The political and economic boycott of Qatar, which began on 5 June 2017 when Saudi Arabia, the United Arab Emirates, Bahrain and Egypt cut diplomatic ties with Qatar and moved to close off access to the Gulf country, continue to have a significant impact on international trade in the Middle East.
- Saudi Arabia, the UAE, Bahrain and Egypt issued a 13-point list of demands to Qatar on 22 June, which included curbing diplomatic ties with Iran, severing all ties with "terrorist organisations", closing the Al Jazeera television network, terminating the joint military cooperation with Turkey, aligning itself with other Gulf and Arab countries' policies, and consenting to audits and annual compliance monitoring. The demands were delivered to Kuwait, which was acting as mediator of the crisis, and Qatar was given 10 days to comply. On 2 July, the boycotting countries agreed to extend the deadline by two days at the request of Kuwait.
- On 3 July, Qatar responded to the demands but no specific details were publicly released. The Qatari foreign minister said that the demands were not aimed at tackling terrorism but at curtailing Qatar's sovereignty, and were impossible to meet.
- On 5 July, the foreign ministers of Saudi Arabia, the UAE, Bahrain and Egypt met in Cairo to consider Qatar's response and discuss the future of the crisis. They subsequently issued a joint statement condemning Qatar's negative response and confirming that the political and economic boycott would continue. The Saudi foreign minister said that further steps against Qatar will be taken at an appropriate time and will be in line with international law. Further consultations will be held in Bahrain at a later date.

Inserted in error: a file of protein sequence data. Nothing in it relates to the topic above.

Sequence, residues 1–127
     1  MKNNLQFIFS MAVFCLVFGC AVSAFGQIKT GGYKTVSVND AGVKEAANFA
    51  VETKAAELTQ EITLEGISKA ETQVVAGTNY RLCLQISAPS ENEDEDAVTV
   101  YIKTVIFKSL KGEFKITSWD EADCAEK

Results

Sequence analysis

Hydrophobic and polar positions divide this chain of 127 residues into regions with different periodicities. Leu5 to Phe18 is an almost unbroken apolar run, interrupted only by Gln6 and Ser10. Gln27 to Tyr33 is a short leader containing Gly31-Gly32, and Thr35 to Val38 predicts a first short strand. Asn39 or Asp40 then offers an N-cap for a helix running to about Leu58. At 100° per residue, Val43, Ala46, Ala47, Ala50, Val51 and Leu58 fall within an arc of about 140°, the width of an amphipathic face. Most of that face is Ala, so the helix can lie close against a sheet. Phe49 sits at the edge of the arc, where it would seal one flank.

- Finance: Approaching the 2 July deadline, Qatar's stock market sank as much as 3.1 percent, bringing its total losses to 11.9 percent since 5 June. The Qatari Riyal exchange rate against the US dollar has been severely affected as the Qatar Central Bank pegged the Qatari Riyal at 3.64 as of 5 July. Qatar has also withdrawn 60 billion Qatari Riyals (USD 16 billion) from its deposits and borrowed 10 billion Qatari Riyals (USD 2.65 billion). On 30 June, it was reported in the press that several British banks announced that they stopped trading the Qatari Riyals.
- Business: There are currently no publicly released restrictions on investment as between Qatar and the boycotting countries. In Saudi, the Saudi Ministry of Commerce and Investment recently gave its verbal instructions to government agencies to pause all applications for the issuance of commercial licenses and company registrations as well as other administrative actions that involve Qatari nationals.
- Updated Terrorist Watch Lists: Saudi Arabia, Bahrain, the UAE and Egypt updated their terrorist watch lists by identifying the names of 59 individuals and 12 organizations that are deemed to be engaged in acts of terrorism or activities supporting terrorism. In the absence of any official instructions or guidelines it is unclear what specific actions will be taken against those persons who appear on the list (or any party that has any financial, commercial or other type of connection with such persons).
- Shipping: Since Saudi Arabia, the UAE, Bahrain and Egypt (to a more limited extent - see below) banned all Qatari flag vessels or vessels owned by Qatari companies or individuals or carrying goods of Qatari origin from passing through their ports, shipping lines appear to have put in place alternative arrangements where the product is discharged first to a third party country (such as Oman) before onward shipment to Qatar. Shipments from the United States or European Union to Qatar are not prohibited.
- Oil and gas: State-run Qatar Petroleum announced its plans to increase gas production from its giant North Field by 20 percent amid the diplomatic crisis. It is the world’s biggest gas field which the country shares with Iran.